Smith: ‘We’re going to keep fighting’

Quinnipiac men’s soccer prepares for final push heading into MAAC playoffs


Peyton McKenzie

Junior defender Jared Smith recorded his second career goal in the Bobcats’ 1-1 tie with Iona on Saturday.

Milton Woolfenden, Staff Writer

With five games to go in the regular season, Quinnipiac men’s soccer is gearing up for a deep playoff run.

After a 1-1 tie against Iona on Oct. 15, the team moved to 8-3-2, currently fourth in the MAAC, with an in-conference record of 3-1-1. While early season predictions pegged Rider, Iona and Saint Peter’s as the Bobcats’ main competition, only the Gaels have become true threats to the Bobcats. Iona is currently fifth in the MAAC while Rider sits in eighth and Saint Peter’s is at the bottom of the conference in 11th.

Manhattan, which finished eighth last season, currently leads the conference, with a record of 4-1-1. Last year’s conference champion, Marist, is currently ranked 10th.

The Bobcats’ offense has been built around the senior class. Forward and captain David Bercedo leads the team in goals (9), points (21) and shots on goal (20). Looking at overall points, three of the top five spots belong to seniors.

However, Quinnipiac has also shown its depth this season, as it went over a month without senior forward Brage Aasen, one of its key players, going 6-2 over that period.

Aasen was injured during the team’s game at Northeastern on Sept. 6, and only returned to play Wednesday against Rider, register- ing an assist as part of a Bobcats’ 3-0 win.

As he gets more minutes, Aasen should be able to reach his pre-injury ability and become an offensive threat once more.

“He’s gotta continue to work on his fitness,” Bobcats head coach Eric Da Costa said. “His skill set is special and it’ll come in big for us in the long run.”

Freshman midfielder Alexander Stjernegaard and sophomore forward Sam McCann have proved to be reliable sources of offense. Stjernegaard currently has four goals and a team-leading nine assists, while McCann has six goals on the season, which places him second on the team behind only Bercedo.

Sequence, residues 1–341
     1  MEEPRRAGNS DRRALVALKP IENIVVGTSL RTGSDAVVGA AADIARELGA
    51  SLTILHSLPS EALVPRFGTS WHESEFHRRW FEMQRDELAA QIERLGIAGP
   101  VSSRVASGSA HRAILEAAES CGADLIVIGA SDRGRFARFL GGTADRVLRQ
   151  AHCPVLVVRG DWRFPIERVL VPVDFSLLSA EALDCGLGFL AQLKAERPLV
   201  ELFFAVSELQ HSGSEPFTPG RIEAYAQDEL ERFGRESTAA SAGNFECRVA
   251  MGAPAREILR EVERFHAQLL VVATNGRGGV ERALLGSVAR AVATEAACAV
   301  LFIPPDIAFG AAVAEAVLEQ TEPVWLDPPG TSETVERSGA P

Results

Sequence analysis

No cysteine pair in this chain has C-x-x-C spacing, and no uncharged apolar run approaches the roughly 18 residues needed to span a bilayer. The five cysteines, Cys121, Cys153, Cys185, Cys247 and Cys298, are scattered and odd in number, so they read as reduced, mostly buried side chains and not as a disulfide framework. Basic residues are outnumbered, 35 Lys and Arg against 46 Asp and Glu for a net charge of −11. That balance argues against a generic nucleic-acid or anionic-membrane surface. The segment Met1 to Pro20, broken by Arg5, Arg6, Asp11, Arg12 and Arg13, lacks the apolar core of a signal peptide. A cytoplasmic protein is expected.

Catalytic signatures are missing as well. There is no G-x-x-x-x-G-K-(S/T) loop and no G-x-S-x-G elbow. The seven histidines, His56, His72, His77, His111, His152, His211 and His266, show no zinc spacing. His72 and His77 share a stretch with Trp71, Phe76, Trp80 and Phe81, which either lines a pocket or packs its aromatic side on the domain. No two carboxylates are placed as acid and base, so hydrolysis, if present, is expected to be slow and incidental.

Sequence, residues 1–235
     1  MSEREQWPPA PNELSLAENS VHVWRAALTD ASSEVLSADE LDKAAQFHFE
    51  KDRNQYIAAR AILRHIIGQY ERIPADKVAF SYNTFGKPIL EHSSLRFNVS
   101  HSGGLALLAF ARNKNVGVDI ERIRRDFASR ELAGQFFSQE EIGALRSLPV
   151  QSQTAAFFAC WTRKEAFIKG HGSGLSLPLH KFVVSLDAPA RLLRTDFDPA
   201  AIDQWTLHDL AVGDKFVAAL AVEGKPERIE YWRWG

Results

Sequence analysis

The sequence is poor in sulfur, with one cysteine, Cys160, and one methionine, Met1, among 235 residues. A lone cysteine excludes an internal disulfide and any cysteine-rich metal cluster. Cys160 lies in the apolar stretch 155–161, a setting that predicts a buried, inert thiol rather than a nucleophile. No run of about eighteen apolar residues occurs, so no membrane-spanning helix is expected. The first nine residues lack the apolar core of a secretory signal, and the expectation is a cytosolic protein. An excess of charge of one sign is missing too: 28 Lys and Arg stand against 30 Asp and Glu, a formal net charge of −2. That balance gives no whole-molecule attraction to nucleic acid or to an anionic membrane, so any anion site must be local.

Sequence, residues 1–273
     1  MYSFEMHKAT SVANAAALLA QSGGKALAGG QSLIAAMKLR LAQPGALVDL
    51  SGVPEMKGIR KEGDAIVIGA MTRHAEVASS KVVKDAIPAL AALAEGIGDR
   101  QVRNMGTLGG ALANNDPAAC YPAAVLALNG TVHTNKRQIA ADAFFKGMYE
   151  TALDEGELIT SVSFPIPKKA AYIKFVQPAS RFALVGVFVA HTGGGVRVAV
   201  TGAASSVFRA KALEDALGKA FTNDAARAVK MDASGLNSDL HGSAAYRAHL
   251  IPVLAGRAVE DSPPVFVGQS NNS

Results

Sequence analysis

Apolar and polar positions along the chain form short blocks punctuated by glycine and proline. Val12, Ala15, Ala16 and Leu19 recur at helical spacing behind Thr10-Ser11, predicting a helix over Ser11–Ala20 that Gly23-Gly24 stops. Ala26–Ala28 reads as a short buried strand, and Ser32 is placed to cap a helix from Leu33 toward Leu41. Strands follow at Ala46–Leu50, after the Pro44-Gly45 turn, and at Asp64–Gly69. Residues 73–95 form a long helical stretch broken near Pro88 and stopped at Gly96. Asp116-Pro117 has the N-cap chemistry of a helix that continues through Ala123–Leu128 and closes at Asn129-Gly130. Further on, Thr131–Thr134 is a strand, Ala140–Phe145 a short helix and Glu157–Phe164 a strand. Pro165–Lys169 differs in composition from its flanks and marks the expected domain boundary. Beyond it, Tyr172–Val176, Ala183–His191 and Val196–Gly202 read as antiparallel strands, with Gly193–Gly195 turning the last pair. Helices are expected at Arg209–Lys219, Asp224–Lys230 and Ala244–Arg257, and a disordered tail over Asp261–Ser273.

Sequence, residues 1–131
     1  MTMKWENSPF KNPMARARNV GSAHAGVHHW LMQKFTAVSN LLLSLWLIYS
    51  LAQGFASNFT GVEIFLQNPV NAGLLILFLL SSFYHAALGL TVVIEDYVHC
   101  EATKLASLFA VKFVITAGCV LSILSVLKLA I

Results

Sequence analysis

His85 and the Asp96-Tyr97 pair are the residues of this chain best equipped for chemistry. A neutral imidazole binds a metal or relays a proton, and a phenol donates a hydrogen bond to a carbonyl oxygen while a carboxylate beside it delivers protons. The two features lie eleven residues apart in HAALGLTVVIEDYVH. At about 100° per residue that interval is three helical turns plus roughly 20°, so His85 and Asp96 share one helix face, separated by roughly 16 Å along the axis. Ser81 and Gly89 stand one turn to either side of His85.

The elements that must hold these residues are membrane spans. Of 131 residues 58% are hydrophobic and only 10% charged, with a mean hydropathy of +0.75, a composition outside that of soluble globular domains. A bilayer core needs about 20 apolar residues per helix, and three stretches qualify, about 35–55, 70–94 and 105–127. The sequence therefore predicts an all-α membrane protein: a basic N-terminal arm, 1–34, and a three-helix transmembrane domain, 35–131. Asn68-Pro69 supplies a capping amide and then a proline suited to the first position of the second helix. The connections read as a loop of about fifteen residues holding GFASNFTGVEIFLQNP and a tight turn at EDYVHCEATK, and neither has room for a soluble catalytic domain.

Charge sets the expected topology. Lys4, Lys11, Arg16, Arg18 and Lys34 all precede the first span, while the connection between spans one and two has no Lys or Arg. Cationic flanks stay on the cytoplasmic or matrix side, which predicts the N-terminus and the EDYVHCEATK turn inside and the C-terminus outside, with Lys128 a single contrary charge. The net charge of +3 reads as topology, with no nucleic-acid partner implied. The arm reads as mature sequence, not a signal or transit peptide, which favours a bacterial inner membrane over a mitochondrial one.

So far this season, the team has had 18 different players register at least one point, with 12 being non-starters.

Of those 18, half of them are underclassmen, led by McCann and Stjernegaard.

Playing with passion is important in any sport, soccer included. The appropriate amount of passion can be a good thing. However, if you play with too much passion you can start to make costly mistakes.

The team has had 32 total cards so far this season, compared to 29 total cards all of last season. However, when the team has been assessed two or fewer cards in a game, they have a record of 6-1-1.

“We try not to match their physicality, we try to make them match our intensity,” senior midfielder Jason Budhai said after the team’s 3-2 victory against Marist on Oct. 5.

The team’s final five games of the regular season are at Manhattan, at home against Saint Peter’s, at Mount St. Mary’s, a final home game against Canisius and the regular season finale on the road at Niagara.

It isn’t the most desirable final five games, but it’s manageable.